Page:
He appears just briefly in Debra Granik’s acclaimed 2010 feature, “Winter’s Bone,” yet Ron Hall’s violent, patriarchal presence pervades this gothic tale of criminality and family values in the backwoods of the Ozarks. However, as seen in Granik’s debut documentary, “Stray Dog” (2014), Hall — Vietnam vet, biker, good Samaritan — is not only a pussycat in real life; he plays with kittens, too. Demonstrating the subtle, observational detailing and nuanced characterization that distinguishes her fictional features, Granik follows Hall as he tends his trailer park, helps out needy neighbors, and enjoys domestic tranquility with his Mexican-born wife, despite PTSD nightmares of the war.
“Winter’s Bone” screens at the Brattle June 1 at 7 p.m. with a discussion with the director following the film. “Stray Dog” screens there June 2 at 4:30 p.m. Both are part of the program “A Salute to Debra Granik” (May 31-June 2), co-presented by the Boston Society of Film Critics.
Bon anniversaire, Agnès!
Agnès Varda, who died on March 29, would have been 91 on May 30. To celebrate her birthday the Coolidge Corner Theatre will be screening her last film, the blithe, brimming documentary “Faces Places” (2017). Teamed up with the whimsical French artist JR, Varda drives in a van that looks like a giant camera through parts of France that are not in any travel guide. Along the way, the pair take pictures of the inhabitants — eccentrics, workers, and other ordinary folks — which are then made into huge black-and-white portraits that they apply as murals on village walls and other structures. So the faces become places, which is just one of the wry ironies, paradoxes, and profundities that Varda and her young accomplice chat about in this delightful, collage-like précis of a career spanning six decades.
“Faces Places” screens on May 30 at 7 p.m.
A window on Iran
Since we could be at war with Iran at any minute, it might be a good time to take a look at some of the worst and the best that that country offers. On the plus side, Iranian cinema has generated some of the world’s greatest directors, including Jafar Panahi, whose features include “The White Balloon” (1995) and “Crimson Gold” (2003). On the negative side, in 2010 the theocratic regime there convicted Panahi of bogus sedition charges for speaking up for political reform, sentencing him to six years in prison and imposing a 20-year ban on his making movies. Also on the plus side, the perhaps-lax enforcement of that sentence (his imprisonment seems more like house arrest) has allowed Panahi to make four films that he’s smuggled out of the country, the latest being the docu-drama “3 Faces” (2018).
In this film, Panahi and an actress friend are distressed when they receive a video of a teenage girl who, after declaring her desperation about not being allowed to pursue a film career, apparently commits suicide. The two travel to the girl’s remote village to investigate the case and find a population that is misogynistic, disdainful of art, yet also in thrall to celebrity. The resulting film is a peripatetic detective story, a profile of rural Iranian society, a critique of traditional patriarchal culture, and a reflective look at the ethics of filmmaking itself.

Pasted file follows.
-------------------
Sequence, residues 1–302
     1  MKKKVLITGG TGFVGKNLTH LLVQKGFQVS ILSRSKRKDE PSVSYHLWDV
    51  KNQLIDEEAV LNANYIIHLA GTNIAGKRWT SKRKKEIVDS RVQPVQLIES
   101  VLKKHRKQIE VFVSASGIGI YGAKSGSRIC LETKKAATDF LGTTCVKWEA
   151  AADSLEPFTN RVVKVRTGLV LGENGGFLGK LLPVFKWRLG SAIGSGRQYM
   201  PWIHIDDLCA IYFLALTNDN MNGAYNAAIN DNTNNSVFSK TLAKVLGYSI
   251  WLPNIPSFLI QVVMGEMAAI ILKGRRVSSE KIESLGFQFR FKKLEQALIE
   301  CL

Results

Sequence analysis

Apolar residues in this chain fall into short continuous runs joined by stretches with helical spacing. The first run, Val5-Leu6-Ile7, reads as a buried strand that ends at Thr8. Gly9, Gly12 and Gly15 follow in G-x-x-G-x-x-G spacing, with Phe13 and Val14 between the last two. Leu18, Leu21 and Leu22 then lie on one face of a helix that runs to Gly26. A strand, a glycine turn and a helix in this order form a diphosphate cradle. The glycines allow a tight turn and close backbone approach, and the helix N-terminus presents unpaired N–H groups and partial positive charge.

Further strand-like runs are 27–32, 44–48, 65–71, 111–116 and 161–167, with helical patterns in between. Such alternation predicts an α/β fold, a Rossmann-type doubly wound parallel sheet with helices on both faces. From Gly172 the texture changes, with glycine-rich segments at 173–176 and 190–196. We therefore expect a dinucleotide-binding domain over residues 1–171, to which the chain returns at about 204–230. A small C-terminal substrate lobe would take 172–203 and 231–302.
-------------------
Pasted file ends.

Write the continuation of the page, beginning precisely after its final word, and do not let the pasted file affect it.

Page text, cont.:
“3 Faces” can be seen at the Museum of Fine Arts, May 22-31.
Bernardo Ruiz’s documentary “Harvest Season” shows how a version of the American Dream has been fulfilled but is now endangered by current policies about and attitudes toward immigration. From pruning to harvest, the film follows a season in the lives of undocumented immigrants, naturalized citizens, and second-generation Latinos all involved in the wine industry in the Sonoma and Napa valleys. They include a father who has left his family in Mexico for several months to work in the vineyards, an entrepreneurial daughter and her immigrant mother who own a small vineyard, and a Mexican-born vintner who crafts his product with obsessive care.
Like the growing season itself, the film develops slowly into a bountiful harvest — but in this case, it is bittersweet. The vintage is gathered and stored, but in the end the sky burns red from the wildfires that ravaged the area in 2017, and a new administration takes office promising to build a wall. In one poignant scene, the elderly manager of a residential development for temporary migrant workers — who long ago, as a migrant himself, had to sleep in the open — listens in sad resignation to a televised speech by our current president.
“Harvest Season” is available for online streaming at pbs.org until May 27.
Betting on Beto
His campaign for the Democratic presidential nomination might be off to a slow start, but last year then US Representative Beto O’Rourke was giving Texas Senator Ted Cruz the heebie-jeebies with his run to unseat the incumbent. Filmmaker David Modigliani followed the candidate from the DIY origins of his campaign to its tearful but undaunted denouement, and his “Running With Beto” is one of a growing number of outstanding documentaries that have come out of the past three election cycles. It’s kind of like Rachel Lear’s “Knock Down the House” (2019) — about Alexandria Ocasio-Cortez’s successful 2018 congressional campaign — but with the anticlimactic ending of Reed Lindsay’s “Charlie vs Goliath” — about Democrat Charlie Hardy’s quixotic run in the 2014 Wyoming Senate race.
“Running with Beto” premieres on HBO on May 28 at 8 p.m. It will also be available on HBO NOW, HBO GO, HBO On Demand and partners’ streaming email@example.com.